The Standing Invitation

Posts Tagged ‘Chomsky

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The SI recently had the pleasure of visiting an exhibition of banned books at the National Library of Scotland: a fond celebration of history’s greatest tyrannical despots and holier-than-thou moral busybodies.

Everybody in a position to ban books has a vested interest in maintaining the status quo, and no book is ever banned because it threatens to keep things as they are. Many of the books on show had constituted a direct threat against the authorities of the day. Their suppression was a readily comprehensible stratagem in the great political game where a government’s worst enemy is the ability of its own populace to have ideas.

But what are we to think of books banned for offences that, to a ruling elite, are relatively minor? Violence, sex, swearing, or the curious notion that homosexuals are people too – whom do these things hurt?

It might well be possible to cast this in terms of the erosion of a power base; conservative parties in a democracy depend on the support of well-defined family units that must be protected at all costs. It’s certainly an idea worth investigating, because ruling that out leaves us with the horrifying alternative that people who want to ban books for our own good might actually be sincere.

In a liberal, educated democracy, the only rational response to this ­– indeed, perhaps the only possible response ­– is wild, hysterical laughter. When Australia declared that American Psycho could only be sold in plastic shrink-wrap, presumably to prevent people from being offended accidentally in the bookshop, Bret Easton Ellis said it was “adorable”. And rightly so. It’s silly, and the people who advocate it are silly.

Is there any case at all to be made for banning books for our own good? Possibly. There are some kinds of information which, if scarce, nobody benefits from their becoming widely known. How to manufacture explosives from household materials, for example, or lists of undetectable poisons. But in an interconnected world such as ours, no one book could be banned that would hide such a information completely from the public eye. It would be on the internet somewhere, and the act of censoring the internet would be a much more catastrophic blow to freedom than anything that could result from somebody clicking a hotlink.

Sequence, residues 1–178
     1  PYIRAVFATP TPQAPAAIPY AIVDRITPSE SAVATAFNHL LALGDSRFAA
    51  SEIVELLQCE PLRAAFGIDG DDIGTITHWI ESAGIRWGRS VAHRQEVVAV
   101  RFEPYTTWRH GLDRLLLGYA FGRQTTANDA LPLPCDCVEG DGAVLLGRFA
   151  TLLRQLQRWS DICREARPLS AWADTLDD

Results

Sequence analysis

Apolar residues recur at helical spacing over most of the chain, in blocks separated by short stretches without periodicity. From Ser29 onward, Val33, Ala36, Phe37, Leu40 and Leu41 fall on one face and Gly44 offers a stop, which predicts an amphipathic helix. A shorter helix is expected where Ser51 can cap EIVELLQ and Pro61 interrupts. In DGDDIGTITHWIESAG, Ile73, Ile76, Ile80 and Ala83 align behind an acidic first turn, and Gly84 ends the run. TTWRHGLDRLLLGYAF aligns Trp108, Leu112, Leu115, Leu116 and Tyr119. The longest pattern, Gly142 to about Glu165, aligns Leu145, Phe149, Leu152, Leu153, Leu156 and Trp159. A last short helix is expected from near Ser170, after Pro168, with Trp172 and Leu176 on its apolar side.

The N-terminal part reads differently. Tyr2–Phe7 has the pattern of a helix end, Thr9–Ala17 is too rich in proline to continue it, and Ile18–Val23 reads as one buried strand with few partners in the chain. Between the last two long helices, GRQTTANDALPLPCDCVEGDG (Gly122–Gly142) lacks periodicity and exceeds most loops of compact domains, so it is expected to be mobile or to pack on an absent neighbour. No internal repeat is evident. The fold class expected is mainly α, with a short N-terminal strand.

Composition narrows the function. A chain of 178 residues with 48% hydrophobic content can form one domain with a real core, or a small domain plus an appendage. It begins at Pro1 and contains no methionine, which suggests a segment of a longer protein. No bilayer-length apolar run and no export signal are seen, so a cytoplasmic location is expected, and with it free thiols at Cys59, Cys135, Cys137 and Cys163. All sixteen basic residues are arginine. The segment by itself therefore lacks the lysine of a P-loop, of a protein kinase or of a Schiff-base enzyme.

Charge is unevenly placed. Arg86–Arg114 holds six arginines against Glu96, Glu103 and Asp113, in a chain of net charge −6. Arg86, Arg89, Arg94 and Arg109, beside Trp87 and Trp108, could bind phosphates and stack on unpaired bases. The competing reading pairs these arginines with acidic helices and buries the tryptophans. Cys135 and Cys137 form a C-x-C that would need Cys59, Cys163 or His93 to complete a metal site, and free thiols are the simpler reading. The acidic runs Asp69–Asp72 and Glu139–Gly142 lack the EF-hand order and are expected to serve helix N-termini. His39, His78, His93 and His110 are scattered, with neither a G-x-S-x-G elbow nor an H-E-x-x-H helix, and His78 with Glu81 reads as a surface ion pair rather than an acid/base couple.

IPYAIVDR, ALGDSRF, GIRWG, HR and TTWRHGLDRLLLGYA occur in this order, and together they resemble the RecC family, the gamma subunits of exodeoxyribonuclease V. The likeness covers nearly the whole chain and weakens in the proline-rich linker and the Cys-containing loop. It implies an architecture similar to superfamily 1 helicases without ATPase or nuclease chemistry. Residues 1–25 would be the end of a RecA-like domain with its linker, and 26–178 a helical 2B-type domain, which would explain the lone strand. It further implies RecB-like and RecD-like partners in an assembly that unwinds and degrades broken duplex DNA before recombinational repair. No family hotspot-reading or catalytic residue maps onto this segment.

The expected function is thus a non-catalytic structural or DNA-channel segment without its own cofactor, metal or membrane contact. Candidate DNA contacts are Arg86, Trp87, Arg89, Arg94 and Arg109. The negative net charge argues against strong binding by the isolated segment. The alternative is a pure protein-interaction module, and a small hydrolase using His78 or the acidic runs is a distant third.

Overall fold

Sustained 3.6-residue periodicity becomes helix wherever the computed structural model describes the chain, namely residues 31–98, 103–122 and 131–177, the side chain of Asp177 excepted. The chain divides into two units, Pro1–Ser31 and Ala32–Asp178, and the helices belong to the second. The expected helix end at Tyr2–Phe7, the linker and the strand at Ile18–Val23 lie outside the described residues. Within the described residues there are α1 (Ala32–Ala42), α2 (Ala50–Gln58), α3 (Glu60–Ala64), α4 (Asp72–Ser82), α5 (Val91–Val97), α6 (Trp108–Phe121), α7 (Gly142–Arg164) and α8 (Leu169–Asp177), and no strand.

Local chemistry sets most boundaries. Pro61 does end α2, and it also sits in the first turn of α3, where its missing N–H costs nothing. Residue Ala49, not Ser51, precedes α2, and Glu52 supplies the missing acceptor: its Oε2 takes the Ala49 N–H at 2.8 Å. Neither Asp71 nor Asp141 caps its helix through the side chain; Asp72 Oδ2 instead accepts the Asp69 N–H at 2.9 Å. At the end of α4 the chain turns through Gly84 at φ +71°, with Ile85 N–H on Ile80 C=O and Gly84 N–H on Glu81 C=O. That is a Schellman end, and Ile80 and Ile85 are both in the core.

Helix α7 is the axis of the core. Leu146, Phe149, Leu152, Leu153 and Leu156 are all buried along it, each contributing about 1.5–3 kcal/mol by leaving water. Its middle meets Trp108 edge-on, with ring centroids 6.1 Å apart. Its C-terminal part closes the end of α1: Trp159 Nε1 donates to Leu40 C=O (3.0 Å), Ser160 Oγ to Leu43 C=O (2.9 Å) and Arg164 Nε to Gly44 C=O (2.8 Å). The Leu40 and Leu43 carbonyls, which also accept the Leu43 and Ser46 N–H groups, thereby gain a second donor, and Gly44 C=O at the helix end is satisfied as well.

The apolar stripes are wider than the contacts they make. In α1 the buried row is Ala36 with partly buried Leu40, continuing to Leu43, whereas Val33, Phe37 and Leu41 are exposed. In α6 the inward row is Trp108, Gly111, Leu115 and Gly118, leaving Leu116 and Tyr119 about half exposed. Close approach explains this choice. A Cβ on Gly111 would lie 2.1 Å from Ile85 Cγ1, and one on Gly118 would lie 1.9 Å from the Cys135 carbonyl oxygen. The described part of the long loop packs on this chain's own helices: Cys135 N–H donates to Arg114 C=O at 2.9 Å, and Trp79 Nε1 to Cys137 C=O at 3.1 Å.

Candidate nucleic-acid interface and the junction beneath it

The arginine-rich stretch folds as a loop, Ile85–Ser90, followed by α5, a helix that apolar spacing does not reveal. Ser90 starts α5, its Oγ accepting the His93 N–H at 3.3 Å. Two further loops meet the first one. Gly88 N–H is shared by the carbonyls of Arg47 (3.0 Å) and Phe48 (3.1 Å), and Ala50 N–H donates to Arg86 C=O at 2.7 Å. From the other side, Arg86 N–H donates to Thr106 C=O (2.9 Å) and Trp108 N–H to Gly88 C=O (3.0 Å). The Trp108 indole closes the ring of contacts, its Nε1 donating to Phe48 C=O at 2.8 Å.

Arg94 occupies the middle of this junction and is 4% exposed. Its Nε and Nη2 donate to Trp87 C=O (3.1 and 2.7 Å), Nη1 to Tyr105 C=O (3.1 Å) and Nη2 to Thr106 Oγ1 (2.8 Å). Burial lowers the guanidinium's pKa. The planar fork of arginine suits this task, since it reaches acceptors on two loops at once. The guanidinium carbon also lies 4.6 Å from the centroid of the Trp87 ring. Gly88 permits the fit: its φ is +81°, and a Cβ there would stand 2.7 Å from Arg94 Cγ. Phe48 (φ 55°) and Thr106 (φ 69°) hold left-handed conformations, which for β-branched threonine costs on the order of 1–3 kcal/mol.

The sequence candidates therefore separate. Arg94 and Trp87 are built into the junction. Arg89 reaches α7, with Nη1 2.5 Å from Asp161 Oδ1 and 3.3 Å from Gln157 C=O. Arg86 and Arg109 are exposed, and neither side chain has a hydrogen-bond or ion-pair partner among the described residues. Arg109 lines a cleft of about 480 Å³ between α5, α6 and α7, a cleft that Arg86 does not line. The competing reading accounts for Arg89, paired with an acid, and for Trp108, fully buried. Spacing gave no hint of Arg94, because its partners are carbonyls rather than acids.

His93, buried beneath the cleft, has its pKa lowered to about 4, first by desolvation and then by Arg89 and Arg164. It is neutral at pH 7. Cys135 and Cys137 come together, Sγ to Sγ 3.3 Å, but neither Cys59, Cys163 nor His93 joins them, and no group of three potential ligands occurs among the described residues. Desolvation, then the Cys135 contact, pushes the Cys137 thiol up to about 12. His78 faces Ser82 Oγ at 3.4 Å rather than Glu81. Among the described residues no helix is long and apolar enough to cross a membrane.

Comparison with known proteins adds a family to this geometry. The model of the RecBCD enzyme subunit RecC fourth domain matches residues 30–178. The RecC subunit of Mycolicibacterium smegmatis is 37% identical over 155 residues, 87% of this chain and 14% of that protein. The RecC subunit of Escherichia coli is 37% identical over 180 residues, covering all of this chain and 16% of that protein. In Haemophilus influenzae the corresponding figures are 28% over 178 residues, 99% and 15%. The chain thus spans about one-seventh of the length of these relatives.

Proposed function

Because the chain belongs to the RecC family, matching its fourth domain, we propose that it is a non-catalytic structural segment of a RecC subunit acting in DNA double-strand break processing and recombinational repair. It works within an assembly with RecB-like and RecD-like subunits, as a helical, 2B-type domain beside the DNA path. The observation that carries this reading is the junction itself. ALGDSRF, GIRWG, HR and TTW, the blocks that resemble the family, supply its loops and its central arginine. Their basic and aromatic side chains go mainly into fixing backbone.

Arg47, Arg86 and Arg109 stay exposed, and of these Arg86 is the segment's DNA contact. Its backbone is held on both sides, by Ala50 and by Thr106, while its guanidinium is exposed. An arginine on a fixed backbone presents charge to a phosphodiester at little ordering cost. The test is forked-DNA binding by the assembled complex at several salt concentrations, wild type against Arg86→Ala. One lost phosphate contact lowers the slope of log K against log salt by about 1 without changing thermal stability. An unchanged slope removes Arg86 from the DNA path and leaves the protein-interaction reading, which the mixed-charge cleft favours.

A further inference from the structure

What else could justifiably be banned? Books advocating racism, homophobia, crystal healing? No to all the above. As Chomsky said, “If you’re in favor of free speech, then you’re in favor of freedom of speech precisely for views you despise.”

What about books that might cause a panic in which people might actually be harmed? Perhaps, but the blame here should never really be put on the books. Maliciously screaming “fire” in a crowded theatre is very wicked; but if the harm caused is really that serious, then maybe you need to look into having more fire exits.

And books that might offend us with their swearing? Don’t be fucking ridiculous.



The exhibition was held at the National Library of Scotland, and will be open till the end of October; well worth watching.